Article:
Josh Ylitalo, 31
Corporate Financial Planning and Analysis Manager
Dakota Supply Group
An Army veteran who served as an intelligence analyst (including one year in Afghanistan), Josh arrived at Dakota Supply Group (DSG) while completing his MBA. Hired in his current corporate financial planning and analysis manager role, he’s been in electrical distribution for as long as he’s been with DSG—nearly two years. “This was a new role for the company when I started,” Josh noted. “It’s been a lot of process building and that type of work since I’ve been here.”
Like many others, Josh wasn’t looking for a job in electrical distribution, but was looking for a job that would be challenging and offer opportunity for growth. “The DSG executive team has a lot of big plans and goals for the company,” Josh said, “That really appealed to me. It’s also an interesting time for the industry. Things are changing fast. Take, for example, what’s going on with Amazon, disintermediation. Distributors are finding themselves in a position where they need to adapt and change, and it’s really interesting to be in an organization that’s working through that.”
When asked what he believes is a current challenge for the industry, “Distributors have to be conscious of their value and making sure they continue to add value to the customer as technology continues to become more and more sophisticated,” he said. “There are a lot of electrical products that can be bought on Amazon or any other website very easily. Being conscious of that and continuing to make sure that we are adding value to our customers—and not getting cut out of the picture—is critical.” For Josh and the finance department, this means streamlining the company so that it can be agile and responsive to change. “We work to make operations more transparent so the company can be more effective,” he noted.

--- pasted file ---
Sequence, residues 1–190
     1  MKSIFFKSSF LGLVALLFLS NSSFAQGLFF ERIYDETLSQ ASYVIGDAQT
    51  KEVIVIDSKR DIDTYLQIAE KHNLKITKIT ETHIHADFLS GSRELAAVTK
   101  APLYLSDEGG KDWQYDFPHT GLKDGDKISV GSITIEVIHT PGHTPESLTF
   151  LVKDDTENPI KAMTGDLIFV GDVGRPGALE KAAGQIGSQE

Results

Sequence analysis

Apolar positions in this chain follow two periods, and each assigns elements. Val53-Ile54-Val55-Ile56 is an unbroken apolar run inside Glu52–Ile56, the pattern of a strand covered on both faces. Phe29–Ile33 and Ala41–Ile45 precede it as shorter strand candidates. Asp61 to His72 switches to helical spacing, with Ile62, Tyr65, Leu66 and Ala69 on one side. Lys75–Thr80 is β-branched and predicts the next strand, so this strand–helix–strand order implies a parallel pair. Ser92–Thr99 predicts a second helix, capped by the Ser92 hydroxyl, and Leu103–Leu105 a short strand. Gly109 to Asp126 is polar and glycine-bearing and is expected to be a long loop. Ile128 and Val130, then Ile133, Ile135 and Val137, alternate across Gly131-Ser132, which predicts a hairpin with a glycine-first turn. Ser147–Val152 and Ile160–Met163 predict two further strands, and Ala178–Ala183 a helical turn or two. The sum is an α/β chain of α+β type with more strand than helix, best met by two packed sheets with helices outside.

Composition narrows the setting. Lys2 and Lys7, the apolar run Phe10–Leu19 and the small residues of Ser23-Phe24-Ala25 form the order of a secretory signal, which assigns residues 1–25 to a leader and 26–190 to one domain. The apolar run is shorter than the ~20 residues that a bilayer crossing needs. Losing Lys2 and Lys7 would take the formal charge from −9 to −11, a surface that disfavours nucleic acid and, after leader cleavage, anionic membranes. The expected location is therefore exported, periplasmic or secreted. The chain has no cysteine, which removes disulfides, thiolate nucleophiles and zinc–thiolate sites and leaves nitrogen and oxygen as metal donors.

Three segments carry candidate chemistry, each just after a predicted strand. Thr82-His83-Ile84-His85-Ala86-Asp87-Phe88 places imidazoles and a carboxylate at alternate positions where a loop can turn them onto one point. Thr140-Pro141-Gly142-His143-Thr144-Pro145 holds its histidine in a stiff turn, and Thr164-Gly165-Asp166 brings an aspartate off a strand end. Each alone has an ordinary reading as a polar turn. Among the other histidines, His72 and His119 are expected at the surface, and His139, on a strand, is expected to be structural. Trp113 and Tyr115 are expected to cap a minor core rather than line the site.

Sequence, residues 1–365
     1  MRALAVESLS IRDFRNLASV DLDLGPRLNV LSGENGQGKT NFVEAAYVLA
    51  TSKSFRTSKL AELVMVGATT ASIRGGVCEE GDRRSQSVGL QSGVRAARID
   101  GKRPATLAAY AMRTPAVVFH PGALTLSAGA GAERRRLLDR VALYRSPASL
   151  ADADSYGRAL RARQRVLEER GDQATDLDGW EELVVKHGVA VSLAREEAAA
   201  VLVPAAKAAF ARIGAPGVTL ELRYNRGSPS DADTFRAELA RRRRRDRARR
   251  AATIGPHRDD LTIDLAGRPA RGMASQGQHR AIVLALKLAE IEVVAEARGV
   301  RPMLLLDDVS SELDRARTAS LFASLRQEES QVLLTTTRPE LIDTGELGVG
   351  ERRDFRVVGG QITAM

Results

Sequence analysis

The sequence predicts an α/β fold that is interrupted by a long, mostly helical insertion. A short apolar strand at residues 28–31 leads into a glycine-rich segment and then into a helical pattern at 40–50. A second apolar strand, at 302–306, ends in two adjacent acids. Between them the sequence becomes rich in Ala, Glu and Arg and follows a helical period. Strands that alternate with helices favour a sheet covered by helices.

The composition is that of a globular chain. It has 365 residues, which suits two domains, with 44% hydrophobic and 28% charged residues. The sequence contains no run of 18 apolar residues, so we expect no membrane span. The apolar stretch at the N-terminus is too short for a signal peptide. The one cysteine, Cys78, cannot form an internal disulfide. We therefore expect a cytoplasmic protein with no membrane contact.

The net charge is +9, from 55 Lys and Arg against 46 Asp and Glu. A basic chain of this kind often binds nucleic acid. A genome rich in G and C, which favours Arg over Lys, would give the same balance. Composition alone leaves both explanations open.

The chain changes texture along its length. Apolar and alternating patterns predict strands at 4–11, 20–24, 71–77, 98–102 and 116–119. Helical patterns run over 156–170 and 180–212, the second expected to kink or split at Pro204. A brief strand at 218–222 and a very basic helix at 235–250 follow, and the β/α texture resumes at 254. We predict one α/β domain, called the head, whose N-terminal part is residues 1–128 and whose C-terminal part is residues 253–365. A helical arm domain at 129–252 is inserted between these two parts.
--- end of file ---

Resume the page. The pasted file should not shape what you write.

To someone just coming into the industry, Josh stressed the importance of learning as much as possible about it. “It seems like a straightforward industry: You buy a product and you sell a product. But it’s a lot more complicated than that,” he explained. “Be prepared to dig in and learn. Unless you’ve been in this industry before, there are a lot of pieces that you haven’t been exposed to and you have to be prepared to learn and work through it. And then keep learning. In this industry, the change is going to be constant, and you need to come expecting to be a part of—and pushing—change.”
Each year tED magazine recognizes 30 of the industry’s best and brightest under the age of 35. Please visit tedmag.com/30Under35 for nomination information and updates about the 2021 program. Questions can be sent to tED Editor Misty Byers at firstname.lastname@example.org.
Tagged with 2020 30 Under 35, 30 under 35